Maybe it's not all that surprising that the country in question has a problem with big-name military shooters.

According to a new Fox News report , Pakistan has banned the recently released Call of Duty: Black Ops II and Medal of Honor: Warfighter .

Store owners that sell these products will face unknown consequences (that's a little frightening), and the country claims they've always been against such games. Here's part of the official statement released along with the ban:

"The Association has always boycotted these types of films and games. These (games) have been developed against the country's national unity and sanctity. The games (Medal of Honor: Warfighter and Call of Duty: Black Ops II) have been developed against Pakistan, and the association has completely banned their sales. Shopkeepers are warned and will be responsible for the consequences if found purchasing or selling these games."

APCDACTM president Saleem Memon apparently received dozens of complaints concerning the content in those titles, as both games feature segments set in Pakistan. A Pakistani official took another step by saying that the games "are an effort to malign the minds of youth against Pakistan" and are actually "American attempts to convince Pakistanis that they should accept Pakistan as a failed country and one that is home to terrorists."

I wouldn't touch this topic with a ten-foot cattle prod and a giant bag of cash tossed in my direction.

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Nas Is Like
Nas Is Like
8 years ago

Sure, ban the games but treat women and your kids like s–t. Good logic there.

Snaaaake
Snaaaake
8 years ago

The women's right in Pakistan is the same as Arab?

Cabalavatar1
Cabalavatar1
8 years ago

@ Snaaaake:
It depends on what you mean by Arab. It also depends on what you mean by rights. We're not talking about a developed nation that strictly follows UN International Laws. While Pakistan doesn't specifically follow strict sharia law (which depends on interpretation, itself), it does follow a number of very sexist/misogynistic laws that disenfranchise and disadvantage women. So, Nas Is Like is right (IMO) to question their treatment of women.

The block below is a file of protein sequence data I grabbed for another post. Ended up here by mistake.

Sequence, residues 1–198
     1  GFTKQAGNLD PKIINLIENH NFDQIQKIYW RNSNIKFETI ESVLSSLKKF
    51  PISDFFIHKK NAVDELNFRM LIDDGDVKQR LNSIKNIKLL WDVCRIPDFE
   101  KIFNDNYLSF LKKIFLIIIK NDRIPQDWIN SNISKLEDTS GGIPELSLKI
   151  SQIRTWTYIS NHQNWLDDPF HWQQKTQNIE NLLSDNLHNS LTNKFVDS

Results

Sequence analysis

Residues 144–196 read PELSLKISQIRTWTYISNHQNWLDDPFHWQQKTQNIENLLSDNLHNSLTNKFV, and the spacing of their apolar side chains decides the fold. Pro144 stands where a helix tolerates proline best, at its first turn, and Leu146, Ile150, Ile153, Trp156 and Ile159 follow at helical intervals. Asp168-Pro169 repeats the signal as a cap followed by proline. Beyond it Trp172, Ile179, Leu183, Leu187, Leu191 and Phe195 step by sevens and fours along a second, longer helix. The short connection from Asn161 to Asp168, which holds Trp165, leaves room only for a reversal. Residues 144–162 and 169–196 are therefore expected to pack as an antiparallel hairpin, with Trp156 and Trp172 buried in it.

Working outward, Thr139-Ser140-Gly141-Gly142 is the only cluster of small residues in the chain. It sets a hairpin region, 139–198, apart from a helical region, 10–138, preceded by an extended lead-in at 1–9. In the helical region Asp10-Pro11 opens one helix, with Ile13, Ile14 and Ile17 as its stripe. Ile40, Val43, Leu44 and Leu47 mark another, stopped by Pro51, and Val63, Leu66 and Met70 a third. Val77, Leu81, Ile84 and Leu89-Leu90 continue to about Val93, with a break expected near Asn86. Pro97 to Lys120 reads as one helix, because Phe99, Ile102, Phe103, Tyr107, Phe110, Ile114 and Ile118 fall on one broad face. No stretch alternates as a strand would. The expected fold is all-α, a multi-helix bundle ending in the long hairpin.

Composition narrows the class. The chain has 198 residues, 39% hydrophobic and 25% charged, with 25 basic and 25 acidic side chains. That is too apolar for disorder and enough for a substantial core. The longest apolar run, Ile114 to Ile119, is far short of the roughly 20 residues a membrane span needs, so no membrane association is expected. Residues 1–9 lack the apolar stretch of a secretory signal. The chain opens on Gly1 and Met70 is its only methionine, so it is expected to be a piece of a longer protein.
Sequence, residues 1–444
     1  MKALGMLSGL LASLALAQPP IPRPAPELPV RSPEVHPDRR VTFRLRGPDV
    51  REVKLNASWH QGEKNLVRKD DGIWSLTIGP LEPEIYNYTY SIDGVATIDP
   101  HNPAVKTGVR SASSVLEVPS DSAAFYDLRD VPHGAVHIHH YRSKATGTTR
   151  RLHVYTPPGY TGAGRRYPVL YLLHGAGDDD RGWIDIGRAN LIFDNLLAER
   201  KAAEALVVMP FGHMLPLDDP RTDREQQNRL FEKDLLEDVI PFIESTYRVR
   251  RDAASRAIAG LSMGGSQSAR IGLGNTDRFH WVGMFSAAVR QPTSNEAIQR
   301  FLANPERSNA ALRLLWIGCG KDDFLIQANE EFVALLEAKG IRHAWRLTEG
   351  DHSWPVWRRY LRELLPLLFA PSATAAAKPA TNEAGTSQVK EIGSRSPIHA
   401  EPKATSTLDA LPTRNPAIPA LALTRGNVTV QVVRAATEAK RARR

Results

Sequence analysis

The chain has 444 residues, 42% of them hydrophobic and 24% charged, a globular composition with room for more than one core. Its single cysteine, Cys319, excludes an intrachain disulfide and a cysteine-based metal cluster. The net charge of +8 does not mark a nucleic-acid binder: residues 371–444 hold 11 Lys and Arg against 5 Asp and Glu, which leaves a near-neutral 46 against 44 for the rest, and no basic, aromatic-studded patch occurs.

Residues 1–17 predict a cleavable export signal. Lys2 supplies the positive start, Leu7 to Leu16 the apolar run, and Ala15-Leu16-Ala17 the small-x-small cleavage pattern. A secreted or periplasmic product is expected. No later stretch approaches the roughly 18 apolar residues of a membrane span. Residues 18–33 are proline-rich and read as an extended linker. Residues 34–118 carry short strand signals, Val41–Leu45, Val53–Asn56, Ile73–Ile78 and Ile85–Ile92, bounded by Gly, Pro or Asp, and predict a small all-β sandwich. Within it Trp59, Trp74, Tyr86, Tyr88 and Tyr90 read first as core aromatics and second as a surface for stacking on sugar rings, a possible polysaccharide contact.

Shams
Shams
8 years ago

Take it easy, there, tiger. The ban is laughable at best. Most vendors and games sold are bootleg, anyhow, so it's not like they got any control on the market. Regarding the rights of children and women, you may want to take a look at your country's drone attack civilian death toll (98%) on their country, before you get preachy about human rights.

FAREEZ
FAREEZ
8 years ago

Not all man in there treat woman like that u know….

Snaaaake
Snaaaake
8 years ago

I can understand banning MoH, but BO2?

Corvo
Corvo
8 years ago

Imagine if the Russians got mad about every war game their the badguys in. Ha, right, almost every war game.

Yukian
Yukian
8 years ago

*russian accent* – Getting mad is for pussies, my friend.

WorldEndsWithMe
WorldEndsWithMe
8 years ago

LOL, do they think our game developers have hundreds of millions of dollars to blow on making anti-Pakistan propaganda. This is for our entertainment and they are free to outlaw it in their country but not everything we do is directed toward them, in fact very little that we do is directed toward them.

Cabalavatar1
Cabalavatar1
8 years ago

I'm kind of waiting for a game that pits the Player against the US Military, and not as some rogue group or a military from the past. The current military, the one that invades other countries to facilitate the extraction of that country's resources.

I wonder if the US gov't would ban that game from being sold in the USA. I'm guessing that it wouldn't, but I can only imagine the controversy and protests from many extreme nationalistic groups who'd want it banned. Bigger [capitalist] questions: would the game sell well in the US? would the game sell well outside of the US?

LividFiction
LividFiction
8 years ago

They wouldn't ban it, but they would issue lots of statements and make lots of speeches about how terrible the game is, and how people who play it need to re-evaluate their lives and also might not be the most patriotic Americans.

Sithis
Sithis
8 years ago

I believe I should put my 2 cents in, being Pakistani. The thing is, Ben and the rest of the PSXE readers, that you'd be hard pressed to find original copies of video games here in Pakistan. I'd eat my shoe if you can go into a store and find a genuine Xbox 360 copy of a game. Everything on the shelves is pirated, except for PS3 games. In that case, people bulk buy PS3 games from places like UAE (one of the reasons I don't own Heavy Rain yet, I wish I could find it here) and then they sell it online or by word of mouth.

So, the gamers here will just laugh at these so called, "laws," which are never really enforced. Consider Pakistan as Gotham, there is no real law here unless you murder someone, even then if you know a politician, you're clean. I find it funny that FOX is reporting this, as I can't see it on any of the local news channels.

Oh, and one last thing. The majority of Pakistanis doesn't even acknowledge video games as a proper entertainment medium. It's still regarded as children's toys. And no publisher or manufacturer related to the video game industry acknowledges Pakistan as a proper region, so no games are "officially" sold here. So it shouldn't be a problem to anyone, as all the people I know who own a PS3, also own Black Ops II. As for me, I dunno what people like in CoD, it's the same thing since CoD4.

ulsterscot
ulsterscot
8 years ago

So there's your solution then – anyone that doesn't like COD should move to Pakistan.

Hehehe